This work of art I bought a long time ago when I was somewhere between 12 and 15. when. In those years, together with my late father Herman, we went to all kinds of flea and antique markets to find nice things. On such a quest we found this part of a Chinese scroll in a local (which was Deventer in that period) antique shop. Although it was not expensive I did not have the money to buy it. Because I liked it very much my father decided to buy it for me. In my 20s, when I had some money I had it framed and more recently I had it framed in a more fitting frame with museum quality glass.
Those more than 30 years I have had this work of art in my possession I never researched it further. Now with the possibilities of internet I finally was able to find out something more – many thanks again for the help Internet collecting communities!
It is probably from the 1720-1770 period which falls under the Chinese Qing Dynasty. The artist may be the famous “Ding Guanpeng” one of the great painters of the early Qing period.
Ding Guapeng is also well known for his depictions of the 18 Luohans he made for the Qianlang emperor. The scene shows two of the 18 Arhats or Luohans, the original first followers of Buddha on their mythical beasts in the clouds. Based on the info I found on Wikipedia I think on the left is Pindola the Bharadvaja described there as: Sitting dignified on a deer, as if in deep thought. With perfect composure, contented with being above worldly pursuits. And to the right is Nantimitolo tamer of the Dragon described as : In the hands are the spiritual pearl and the holy bowl, endowed with power that knows no bounds. Full of valour, vigour and awe-inspiring dignity, to succeed in vanquishing the ferocious dragon.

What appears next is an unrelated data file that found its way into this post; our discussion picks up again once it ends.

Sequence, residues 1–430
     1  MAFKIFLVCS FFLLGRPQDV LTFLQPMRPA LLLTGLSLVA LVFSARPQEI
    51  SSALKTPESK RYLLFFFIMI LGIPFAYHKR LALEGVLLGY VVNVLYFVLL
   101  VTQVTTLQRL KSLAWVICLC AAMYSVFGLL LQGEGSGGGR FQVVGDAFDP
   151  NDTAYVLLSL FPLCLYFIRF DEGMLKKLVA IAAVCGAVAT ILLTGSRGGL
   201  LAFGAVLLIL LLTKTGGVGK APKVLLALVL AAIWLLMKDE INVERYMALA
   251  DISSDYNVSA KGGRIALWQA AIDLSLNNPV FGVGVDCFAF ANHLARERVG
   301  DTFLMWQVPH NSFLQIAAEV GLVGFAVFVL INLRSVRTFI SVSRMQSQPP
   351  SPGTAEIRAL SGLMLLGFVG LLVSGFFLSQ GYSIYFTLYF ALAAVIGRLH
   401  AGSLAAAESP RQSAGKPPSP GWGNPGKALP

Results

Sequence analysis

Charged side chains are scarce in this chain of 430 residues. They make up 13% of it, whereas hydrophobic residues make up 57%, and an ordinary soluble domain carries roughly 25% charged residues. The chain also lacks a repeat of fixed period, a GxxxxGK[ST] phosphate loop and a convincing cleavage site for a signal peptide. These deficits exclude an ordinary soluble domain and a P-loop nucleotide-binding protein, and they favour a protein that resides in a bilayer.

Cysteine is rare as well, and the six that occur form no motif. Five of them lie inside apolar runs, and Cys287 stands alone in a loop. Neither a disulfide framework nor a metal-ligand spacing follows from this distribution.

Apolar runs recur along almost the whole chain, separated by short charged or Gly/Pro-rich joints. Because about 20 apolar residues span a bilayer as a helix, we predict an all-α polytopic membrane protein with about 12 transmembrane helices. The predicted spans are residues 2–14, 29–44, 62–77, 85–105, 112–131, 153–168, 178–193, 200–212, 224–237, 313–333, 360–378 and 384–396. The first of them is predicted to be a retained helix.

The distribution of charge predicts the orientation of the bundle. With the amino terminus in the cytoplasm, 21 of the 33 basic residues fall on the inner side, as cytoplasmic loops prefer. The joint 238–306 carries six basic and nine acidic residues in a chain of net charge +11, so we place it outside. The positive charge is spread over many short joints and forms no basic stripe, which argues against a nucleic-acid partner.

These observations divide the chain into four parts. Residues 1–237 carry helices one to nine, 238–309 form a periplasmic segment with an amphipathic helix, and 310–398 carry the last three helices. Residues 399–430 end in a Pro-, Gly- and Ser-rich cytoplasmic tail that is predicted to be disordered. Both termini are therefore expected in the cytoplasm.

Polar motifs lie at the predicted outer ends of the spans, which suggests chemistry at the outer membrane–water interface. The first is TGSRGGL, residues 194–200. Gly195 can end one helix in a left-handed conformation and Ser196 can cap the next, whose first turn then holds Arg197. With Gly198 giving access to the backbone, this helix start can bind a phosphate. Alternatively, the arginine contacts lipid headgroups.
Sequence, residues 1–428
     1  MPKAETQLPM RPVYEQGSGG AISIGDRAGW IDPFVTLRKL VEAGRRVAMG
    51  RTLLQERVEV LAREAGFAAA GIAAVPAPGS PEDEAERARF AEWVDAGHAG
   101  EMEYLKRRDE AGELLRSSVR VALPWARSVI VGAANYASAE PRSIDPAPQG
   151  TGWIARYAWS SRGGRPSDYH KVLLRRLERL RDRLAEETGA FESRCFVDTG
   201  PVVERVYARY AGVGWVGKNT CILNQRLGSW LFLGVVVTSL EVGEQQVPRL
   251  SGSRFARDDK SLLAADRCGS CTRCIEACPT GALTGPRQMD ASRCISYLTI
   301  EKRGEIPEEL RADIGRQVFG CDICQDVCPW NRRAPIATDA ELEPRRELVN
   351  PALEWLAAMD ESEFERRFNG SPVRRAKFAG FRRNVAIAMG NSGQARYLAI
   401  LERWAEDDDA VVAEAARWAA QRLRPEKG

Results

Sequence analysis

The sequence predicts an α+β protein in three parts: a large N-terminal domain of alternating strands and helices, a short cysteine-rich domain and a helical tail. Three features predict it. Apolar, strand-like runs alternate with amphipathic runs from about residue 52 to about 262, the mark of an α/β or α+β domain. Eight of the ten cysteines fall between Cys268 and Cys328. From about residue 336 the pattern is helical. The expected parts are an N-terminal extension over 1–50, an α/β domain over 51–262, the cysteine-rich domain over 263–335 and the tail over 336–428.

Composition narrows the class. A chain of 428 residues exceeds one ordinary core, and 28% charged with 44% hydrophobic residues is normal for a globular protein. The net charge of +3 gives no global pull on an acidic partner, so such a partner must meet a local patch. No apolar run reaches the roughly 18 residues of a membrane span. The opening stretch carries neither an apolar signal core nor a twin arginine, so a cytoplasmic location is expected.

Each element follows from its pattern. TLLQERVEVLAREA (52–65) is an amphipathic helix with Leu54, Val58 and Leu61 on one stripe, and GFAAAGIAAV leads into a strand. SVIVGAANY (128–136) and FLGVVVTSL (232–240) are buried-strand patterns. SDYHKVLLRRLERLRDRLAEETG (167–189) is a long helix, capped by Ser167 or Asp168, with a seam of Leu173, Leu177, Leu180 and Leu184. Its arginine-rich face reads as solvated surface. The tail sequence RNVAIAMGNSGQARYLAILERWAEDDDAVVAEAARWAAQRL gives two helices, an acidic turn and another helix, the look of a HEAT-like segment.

The seal is not of the artist – if it ever was signed that part of the scroll has been lost in time – it is a collectors seal and the seal is Japanese, not Chinese. So this work of art went from China to a Japanese collection before it came to the Netherlands (and who knows where in between…). The seal reads 佐渡 良 Sado Ryo 藏書 books of collection ( Sado Ryo is alias of 坪井 信良 Tsuboi Shinryo 1823-1904 ) So it is safe to say is was collected in the 19th century.
Tsuboi Shinryo Born: 1823/8/28 Died: 1904/11/9 Japanese: 坪井信良 (Tsuboi Shinryou)
Tsuboi Shinryô was a Rangaku medical scholar of the Bakumatsu and Meiji periods, and the father of Tsuboi Shôgorô, known as one of the “fathers” of Japanese anthropology.
Shinryô was born in Takaoka, Etchû province, the second son of Sado Yôjun. He began studying medicine under Koishi Genzui in Kyoto in 1840, and later studied under Tsuboi Shindô in Edo and Ogata Kôan in Osaka, before being adopted by Tsuboi Shindô in 1844/9. He later served as domain physician and educator at the han school of Fukui han, under lord of Fukui, Matsudaira Shungaku, before becoming an assistant scholar at the Tokugawa shogunate’s Bansho shirabesho. He became a physician in service to the shogunate in 1864, and was shortly afterwards bestowed the title of hôgen.
Shinryô established the first medical magazine in Japan in 1873, the Waran iji zasshi, and published a number of other works as well over the course of his career. The magazine lasted 43 issues, ending in December 1875. Meanwhile, Shinryô was named head of the Tokyo Prefectural Hospital in December 1874, and retired three years later.